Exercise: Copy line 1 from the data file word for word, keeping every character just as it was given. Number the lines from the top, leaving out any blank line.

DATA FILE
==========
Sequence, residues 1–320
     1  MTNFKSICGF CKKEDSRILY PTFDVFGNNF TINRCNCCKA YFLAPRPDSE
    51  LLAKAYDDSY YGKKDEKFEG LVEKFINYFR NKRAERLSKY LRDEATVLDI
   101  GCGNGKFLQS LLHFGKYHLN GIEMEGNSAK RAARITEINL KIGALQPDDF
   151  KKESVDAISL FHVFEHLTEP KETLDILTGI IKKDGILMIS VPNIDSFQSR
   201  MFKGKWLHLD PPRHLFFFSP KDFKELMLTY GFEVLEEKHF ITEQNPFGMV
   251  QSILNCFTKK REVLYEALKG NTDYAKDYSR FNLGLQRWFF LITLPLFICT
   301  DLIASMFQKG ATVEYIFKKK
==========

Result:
Sequence, residues 1–320